My Ministry in Rockingham County Jail

I have been involved in prison ministry since 1982.While I was studying at Gordon-Conwell Theological Seminary in South Hamilton, MA, 1982-1986, I was involved in ministry at Walpole State Prison, first as an intern, and then as Assistant Chaplain. From 1987 to 2006 I served as Protestant Chaplain in Maine State Prison. I have served as a Pastor, and a counselor. But my first love is still prison ministry.

 Currently I serve on a part-time, volunteer basis in Rockingham County Jail in New Hampshire. I raise support through a 501c3 non-profit corporation called “Isaiah 61 Ministries, Jesus came to fulfill the prophecy of Isaiah 61:

To proclaim good news to the poor.
to proclaim freedom for the prisoners and recovery of sight for the blind,
to set the oppressed free,  to proclaim the year of the Lord’s favor.”

My ministry at the County Jail starts with an evangelistic Bible study once a week. Many inmates come, if only to get out of their cells for an hour. But often God allows me to get through to them with the gospel, or at least get them thinking about it. Then I meet with them individually. They really need someone to talk to. I try to be a good listener By showing them I care, I earn the right to speak. I share scripture with them, pray with them, build relationships with them, and the Lord does the rest.

The idea that they can really be changed,  healed,, transformed, and “born again” is compelling to men in jail. Too often they are convinced that they are failures, losers, hopeless addicts, and that they can never change.

As children, they were shamed and condemned, sometimes by their own families. Some of them had parents who told them, “You’re no damn good, and you’ll never be any good. You’ll never amount to anything. You’re worthless. Get out of my sight.” Children internalize this kind of abuse. They believe that’s who they really are, and so when they become adults, they act it out.

They use drugs, they steal, they go to jail, and they really believe that’s who they are. And the system reinforces their negative self-image and their self-hatred. They are made to feel like criminals, failures, and losers. They think that they’re just bad, and they always will be bad.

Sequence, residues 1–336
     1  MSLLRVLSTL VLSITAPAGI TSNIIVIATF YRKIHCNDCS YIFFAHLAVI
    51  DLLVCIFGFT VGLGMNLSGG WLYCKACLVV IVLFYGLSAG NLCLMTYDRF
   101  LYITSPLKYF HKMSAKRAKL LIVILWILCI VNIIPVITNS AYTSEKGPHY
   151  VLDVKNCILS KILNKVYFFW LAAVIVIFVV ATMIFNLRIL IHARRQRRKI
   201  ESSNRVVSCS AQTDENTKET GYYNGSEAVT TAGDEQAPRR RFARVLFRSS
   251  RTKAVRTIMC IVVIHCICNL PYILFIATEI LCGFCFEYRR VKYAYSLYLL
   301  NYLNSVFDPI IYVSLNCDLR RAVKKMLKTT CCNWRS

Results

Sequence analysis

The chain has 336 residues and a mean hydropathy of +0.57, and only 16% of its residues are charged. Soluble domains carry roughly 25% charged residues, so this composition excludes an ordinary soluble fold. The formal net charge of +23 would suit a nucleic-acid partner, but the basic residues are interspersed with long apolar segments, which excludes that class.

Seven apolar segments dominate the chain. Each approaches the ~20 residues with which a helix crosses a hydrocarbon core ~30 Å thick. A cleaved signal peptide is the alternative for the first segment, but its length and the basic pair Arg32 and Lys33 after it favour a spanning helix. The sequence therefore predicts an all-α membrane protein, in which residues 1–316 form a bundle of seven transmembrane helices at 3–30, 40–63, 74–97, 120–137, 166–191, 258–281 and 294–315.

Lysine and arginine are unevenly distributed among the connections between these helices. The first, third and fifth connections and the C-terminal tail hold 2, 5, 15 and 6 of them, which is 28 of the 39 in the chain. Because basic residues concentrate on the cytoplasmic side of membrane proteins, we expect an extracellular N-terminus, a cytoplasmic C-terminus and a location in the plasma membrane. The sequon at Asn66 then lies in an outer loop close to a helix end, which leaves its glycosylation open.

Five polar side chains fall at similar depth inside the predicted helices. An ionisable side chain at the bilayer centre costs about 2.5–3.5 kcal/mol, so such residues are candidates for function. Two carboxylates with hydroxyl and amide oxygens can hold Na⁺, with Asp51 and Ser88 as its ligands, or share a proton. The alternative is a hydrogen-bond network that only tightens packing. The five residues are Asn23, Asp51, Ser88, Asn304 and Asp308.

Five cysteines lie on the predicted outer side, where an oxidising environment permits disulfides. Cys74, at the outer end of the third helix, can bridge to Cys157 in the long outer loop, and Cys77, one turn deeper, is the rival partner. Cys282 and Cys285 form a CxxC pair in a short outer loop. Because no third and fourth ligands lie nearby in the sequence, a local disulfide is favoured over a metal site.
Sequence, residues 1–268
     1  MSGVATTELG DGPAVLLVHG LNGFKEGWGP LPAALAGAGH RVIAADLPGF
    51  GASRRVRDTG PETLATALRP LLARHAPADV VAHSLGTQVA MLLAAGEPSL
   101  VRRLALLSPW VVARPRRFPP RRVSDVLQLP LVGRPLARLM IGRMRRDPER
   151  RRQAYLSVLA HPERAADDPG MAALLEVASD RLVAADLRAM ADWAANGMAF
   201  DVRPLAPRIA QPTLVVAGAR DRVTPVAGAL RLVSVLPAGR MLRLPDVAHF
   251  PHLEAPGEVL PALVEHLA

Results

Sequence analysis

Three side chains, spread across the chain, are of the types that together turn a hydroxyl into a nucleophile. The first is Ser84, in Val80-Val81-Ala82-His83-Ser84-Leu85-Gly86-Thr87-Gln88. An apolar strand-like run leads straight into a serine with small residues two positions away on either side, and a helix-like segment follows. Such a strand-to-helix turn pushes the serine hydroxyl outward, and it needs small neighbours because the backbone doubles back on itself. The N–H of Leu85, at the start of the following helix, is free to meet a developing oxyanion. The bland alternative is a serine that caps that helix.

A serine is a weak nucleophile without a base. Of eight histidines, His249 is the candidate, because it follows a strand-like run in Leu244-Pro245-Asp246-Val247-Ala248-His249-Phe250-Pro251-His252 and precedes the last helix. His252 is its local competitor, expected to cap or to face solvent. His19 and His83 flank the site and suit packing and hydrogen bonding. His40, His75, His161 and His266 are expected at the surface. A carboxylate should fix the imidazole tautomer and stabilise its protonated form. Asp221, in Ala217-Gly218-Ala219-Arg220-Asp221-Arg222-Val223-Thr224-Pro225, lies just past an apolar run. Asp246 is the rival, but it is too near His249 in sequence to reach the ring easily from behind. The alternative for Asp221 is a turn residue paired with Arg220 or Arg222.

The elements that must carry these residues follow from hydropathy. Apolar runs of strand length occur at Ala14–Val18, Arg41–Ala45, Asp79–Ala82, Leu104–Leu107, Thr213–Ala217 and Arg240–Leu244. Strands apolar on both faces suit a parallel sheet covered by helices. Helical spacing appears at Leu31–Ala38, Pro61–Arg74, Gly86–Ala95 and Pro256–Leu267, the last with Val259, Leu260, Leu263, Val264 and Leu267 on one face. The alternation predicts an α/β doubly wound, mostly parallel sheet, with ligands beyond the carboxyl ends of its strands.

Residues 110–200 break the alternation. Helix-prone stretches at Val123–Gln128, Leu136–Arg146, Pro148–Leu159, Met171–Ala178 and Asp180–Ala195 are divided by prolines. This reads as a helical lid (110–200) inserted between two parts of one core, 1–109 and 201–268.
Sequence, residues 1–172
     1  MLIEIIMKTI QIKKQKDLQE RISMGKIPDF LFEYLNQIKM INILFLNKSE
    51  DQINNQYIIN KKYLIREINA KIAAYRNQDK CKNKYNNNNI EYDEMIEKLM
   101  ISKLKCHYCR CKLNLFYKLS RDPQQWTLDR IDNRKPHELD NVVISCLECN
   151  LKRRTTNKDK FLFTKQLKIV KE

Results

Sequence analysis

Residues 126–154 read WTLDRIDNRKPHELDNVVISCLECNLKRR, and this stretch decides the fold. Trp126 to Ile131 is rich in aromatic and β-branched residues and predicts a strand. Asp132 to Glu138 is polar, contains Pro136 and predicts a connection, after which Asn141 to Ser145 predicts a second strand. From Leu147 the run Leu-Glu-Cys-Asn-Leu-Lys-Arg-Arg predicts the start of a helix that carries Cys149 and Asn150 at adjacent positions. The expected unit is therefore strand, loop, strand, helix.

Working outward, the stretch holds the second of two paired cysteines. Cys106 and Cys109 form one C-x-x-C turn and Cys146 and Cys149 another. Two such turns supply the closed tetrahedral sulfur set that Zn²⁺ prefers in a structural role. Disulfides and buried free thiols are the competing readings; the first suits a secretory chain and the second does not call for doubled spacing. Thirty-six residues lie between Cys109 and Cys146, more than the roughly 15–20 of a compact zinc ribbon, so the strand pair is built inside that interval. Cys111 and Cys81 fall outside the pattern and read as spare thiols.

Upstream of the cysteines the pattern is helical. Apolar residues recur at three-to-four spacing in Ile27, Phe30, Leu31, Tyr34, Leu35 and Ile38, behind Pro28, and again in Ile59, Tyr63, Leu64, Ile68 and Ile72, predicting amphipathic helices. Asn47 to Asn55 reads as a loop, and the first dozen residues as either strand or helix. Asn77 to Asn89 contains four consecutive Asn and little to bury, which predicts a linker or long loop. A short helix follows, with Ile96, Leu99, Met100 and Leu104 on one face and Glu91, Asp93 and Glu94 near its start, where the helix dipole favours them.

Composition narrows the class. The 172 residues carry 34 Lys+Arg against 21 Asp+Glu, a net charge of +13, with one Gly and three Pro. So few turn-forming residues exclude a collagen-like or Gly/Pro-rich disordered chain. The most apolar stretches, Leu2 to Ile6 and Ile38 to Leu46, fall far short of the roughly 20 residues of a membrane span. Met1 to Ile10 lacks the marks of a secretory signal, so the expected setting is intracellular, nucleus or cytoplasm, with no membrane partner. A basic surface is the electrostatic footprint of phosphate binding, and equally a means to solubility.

Until they find Jesus and receive his Holy Spirit to live inside them as their comforter and counselor, addicts live every day under condemnation. But, “There is  no condemnation for those who are in Christ Jesus, because through Christ Jesus the law of the Spirit of life set me free from the law of sin and death.” Romans 8:1-2

When I talk to the men in the jail, I’m always trying to get them to see themselves the way God sees them, rather than the way the Accuser sees them. I tell them, “Father God created you, and he doesn’t make junk. Jesus paid a great price on the cross to redeem you. You are precious in his sight. And the Holy Spirit has come to live within you. You are his holy temple.”

I tell them, “God wants to help you bear much fruit for him, as you abide in Jesus (John 15:1-8.) The fruit of the Spirit is love, joy, peace, patience, kindness, goodness, faithfulness, gentleness, and self control (Galatians 5:22-23) God knows that he can bring these powerful, beautiful, holy character traits out in you, by his Holy Spirit at work within you.  In Christ, you can be a saint! The State of New Hampshire may think you’re a felon. Your own family may think you’re a failure and a loser. You may even think of yourself as a hopeless addict. But God sees you as an overcomer, a winner, and a hero. Why not give your life to him, and see what he can do for you.”

By being a brother and a friend to them, treating them as God’s children rather than criminals, I hope to help them see themselves see themselves as born again Christians, made new and transformed by the work of the Holy Spirit, raised up with Christ to a new and more abundant life,  saved, redeemed, ransomed from sin, reconciled to God.

Please pray for these men, that the Lord may give them the Spirit of wisdom and revelation, so that they may know him better. Pray that the eyes of their hearts may be enlightened, so they may know the hope to which he has called them, the riches of his glorious inheritance in his holy people, and his incomparably great power for us who believe. (Ephesians 1:17-19)